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Netflix pushes back hard at SK on network costsNetflix pushes back hard at SK on network costs

Netflix digs in against attempts by South Korea's SK Broadband to make it pay for using their network, after Squid Game's unexpected popularity.

Pádraig Belton

October 25, 2021

5 Min Read
Netflix pushes back hard at SK on network costs

In a calamari twist, Netflix is now pushing hard against attempts by South Korea's SK Broadband to make it pay network usage fees, after Squid Game proved unexpectedly popular.

"A single broadband player in Korea ... is seeking to use its dominance to extract an arbitrary payment from streaming services like Netflix", Dean Garfield, Netflix's vice president for global public policy, said in a statement yesterday.

Netflix was "simply making our shows and films available on the internet to Korean consumers, who mind you, are already paying for their internet connection," added Garfield.

Figure 1: Don't blink: Netflix is - unsurprisingly - pushing back against SK Telekom's demands for the streaming company to pay for the extra bandwidth involved in blockbusters like Squid Game.  (Source: Netflix) Don't blink: Netflix is – unsurprisingly – pushing back against SK Telekom's demands for the streaming company to pay for the extra bandwidth involved in blockbusters like Squid Game.
(Source: Netflix)

Imposing network usage fees would create an "unfair, anti-competitive environment," Netflix is arguing. And it would limit the ability of customers to get what they want if prices become prohibitive and freeze out streaming providers.

The streaming giant is also in "no doubt" that if SK succeeds in its bid to impose network access fees, network operators elsewhere will try to do the same, too.

Imposing network usage fees would discourage investment not only by Netflix, it notes, but also rivals like Walt Disney and Amazon, too.

Squid pro quo

Netflix is digging in after Squid Game resulted in a courtroom drama earlier this month.

At the start of October, SK Broadband sued Netflix, demanding it pay to use its network after Hwang Dong-hyuk's drama series and other hits caused data traffic to spike.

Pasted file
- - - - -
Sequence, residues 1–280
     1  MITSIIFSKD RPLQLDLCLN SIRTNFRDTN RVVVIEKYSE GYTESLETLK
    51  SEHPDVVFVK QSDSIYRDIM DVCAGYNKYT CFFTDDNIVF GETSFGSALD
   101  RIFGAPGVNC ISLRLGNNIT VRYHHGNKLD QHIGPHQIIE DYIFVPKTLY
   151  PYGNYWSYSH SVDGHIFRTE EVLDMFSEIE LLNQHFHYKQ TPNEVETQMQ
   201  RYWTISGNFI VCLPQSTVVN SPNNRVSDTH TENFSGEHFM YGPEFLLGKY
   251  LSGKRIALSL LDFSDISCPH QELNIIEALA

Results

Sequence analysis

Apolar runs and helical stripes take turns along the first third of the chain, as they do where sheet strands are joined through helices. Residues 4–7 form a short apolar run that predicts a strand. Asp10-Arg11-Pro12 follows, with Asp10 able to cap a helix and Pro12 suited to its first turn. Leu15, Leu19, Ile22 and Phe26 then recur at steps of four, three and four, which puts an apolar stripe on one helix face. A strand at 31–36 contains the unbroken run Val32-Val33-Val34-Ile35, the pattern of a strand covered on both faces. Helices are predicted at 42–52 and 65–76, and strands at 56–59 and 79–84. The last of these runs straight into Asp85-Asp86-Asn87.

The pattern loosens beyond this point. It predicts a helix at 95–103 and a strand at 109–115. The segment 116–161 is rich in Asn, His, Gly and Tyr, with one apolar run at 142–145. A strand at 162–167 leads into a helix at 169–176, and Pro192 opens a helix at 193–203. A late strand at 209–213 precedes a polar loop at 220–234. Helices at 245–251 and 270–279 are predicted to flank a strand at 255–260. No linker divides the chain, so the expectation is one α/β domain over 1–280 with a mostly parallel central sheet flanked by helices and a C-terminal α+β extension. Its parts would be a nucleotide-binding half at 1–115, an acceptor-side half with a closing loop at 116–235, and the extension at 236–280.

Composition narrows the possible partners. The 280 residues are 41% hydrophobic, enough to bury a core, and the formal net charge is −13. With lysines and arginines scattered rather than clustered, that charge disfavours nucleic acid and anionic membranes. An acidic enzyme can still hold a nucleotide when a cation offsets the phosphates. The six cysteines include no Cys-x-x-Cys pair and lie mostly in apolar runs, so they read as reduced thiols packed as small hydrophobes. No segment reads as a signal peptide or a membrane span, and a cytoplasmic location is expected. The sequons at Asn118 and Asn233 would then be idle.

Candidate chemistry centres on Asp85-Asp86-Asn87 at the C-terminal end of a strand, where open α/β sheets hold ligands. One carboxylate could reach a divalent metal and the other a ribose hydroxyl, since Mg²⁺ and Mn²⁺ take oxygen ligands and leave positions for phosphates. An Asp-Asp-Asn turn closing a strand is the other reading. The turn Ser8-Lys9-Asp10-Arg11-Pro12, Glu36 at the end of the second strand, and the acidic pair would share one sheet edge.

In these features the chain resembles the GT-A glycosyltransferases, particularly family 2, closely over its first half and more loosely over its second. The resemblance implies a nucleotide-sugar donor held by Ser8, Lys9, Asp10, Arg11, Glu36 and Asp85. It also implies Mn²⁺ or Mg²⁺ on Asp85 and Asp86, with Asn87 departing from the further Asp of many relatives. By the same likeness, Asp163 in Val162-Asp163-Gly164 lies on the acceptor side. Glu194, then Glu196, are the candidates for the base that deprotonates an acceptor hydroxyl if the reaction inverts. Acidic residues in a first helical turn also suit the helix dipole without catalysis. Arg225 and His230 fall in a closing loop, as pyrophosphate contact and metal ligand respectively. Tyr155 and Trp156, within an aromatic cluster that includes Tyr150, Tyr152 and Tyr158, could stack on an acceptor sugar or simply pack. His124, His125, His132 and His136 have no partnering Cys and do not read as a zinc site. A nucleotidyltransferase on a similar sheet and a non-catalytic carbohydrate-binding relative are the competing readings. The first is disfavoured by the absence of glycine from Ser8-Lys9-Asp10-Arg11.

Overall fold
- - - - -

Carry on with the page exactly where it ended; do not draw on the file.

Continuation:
The case came weeks after Squid Game became an unexpected international breakout hit – and the broadband operator complained Netflix used 24 times as much network traffic that month than in May 2018.

In the month of Squid Game's release, Netflix was generating 1.2 trillion bits of data per second, and SK had to upgrade its network twice, says the operator. (Other services benefited too: Duolingo says, after the series, the number of customers wanting to learn Korean increased by 40% in the US and 76% in the UK.)

The 27.2 billion won (US$23 million) broadband provider, which is a subsidiary of the country's largest mobile operator SK Telecom, says Netflix should pay for 2020 alone what would equate to 6% of Netflix's revenue that year in the country.

That is incidentally nearly as much as the $38 million which Squid Game participants are competing over.

South Korea makes up 15% of Netflix's Asian customers and revenues.

Got to be squidding

For its part, Netflix is also appealing a South Korean court's earlier move in June where it declined to say the streaming provider wasn't liable for such extra data payments.

The court dismissed that case.

Netflix had meanwhile offered operators a compromise solution, called Open Connect, which could absorb 95% of data traffic by storing shows on its own servers, and sending them on to operators' local data centers, bypassing remote data transmission.

But SK Broadband and some other providers rejected the offer, saying the operators would still have to pay last-mile network costs.

Garfield went to bat for Open Connect yesterday, saying "the overwhelming majority of our ISP partners around the world" use it.

"We deliver it to them for free. It's proven to reduce at least 95% of network traffic, leaving lots of room for other content to go through," he adds.

But ultimately the bigger question comes down to whether streaming is going to break the back of net neutrality.

With its 1.7 million paid subscribers in South Korea, Netflix accounted for about 5% of daily Internet traffic in the country in the fourth quarter.

Want to know more about video and streaming media? Check out our dedicated Video/Media channel here on Light Reading. And globally, video streaming accounted for two-thirds of total downstream Internet traffic in 2020, rising to 71% in the US, says Comcast. Netflix says net neutrality means Internet service providers have to treat all content traversing their networks equally. It argues that SK is attempting to "double bill," with subscribers and Netflix now paying for subscribers' broadband use. But net neutrality also means Internet providers have less incentive to invest in upgrades to their capacity and speed. For the network providers, the growth of streaming services poses a threat to their fixed capacity along with similar rises in video conferencing and other data-slurping technologies like automated driving. If video streaming subscribers as a whole start having to pay upgrade costs for networks, the costs of the services will rise. And that's the real calamari twist. Related posts: SK Broadband demands Netflix pay for Squid Game delivery With five IPOs and $5B, SK plans Korea's SoftBank SK Telecom unveils next-gen AI chip, and ambitions Net neutrality moaning shows telcos are stuck in the past AT&T exits content big time in tie-up with Discovery South Korea sees 'sharp acceleration' in 5G demandPádraig Belton, contributing editor special to Light Reading

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Pádraig Belton

Contributor, Light Reading

Contributor, Light Reading

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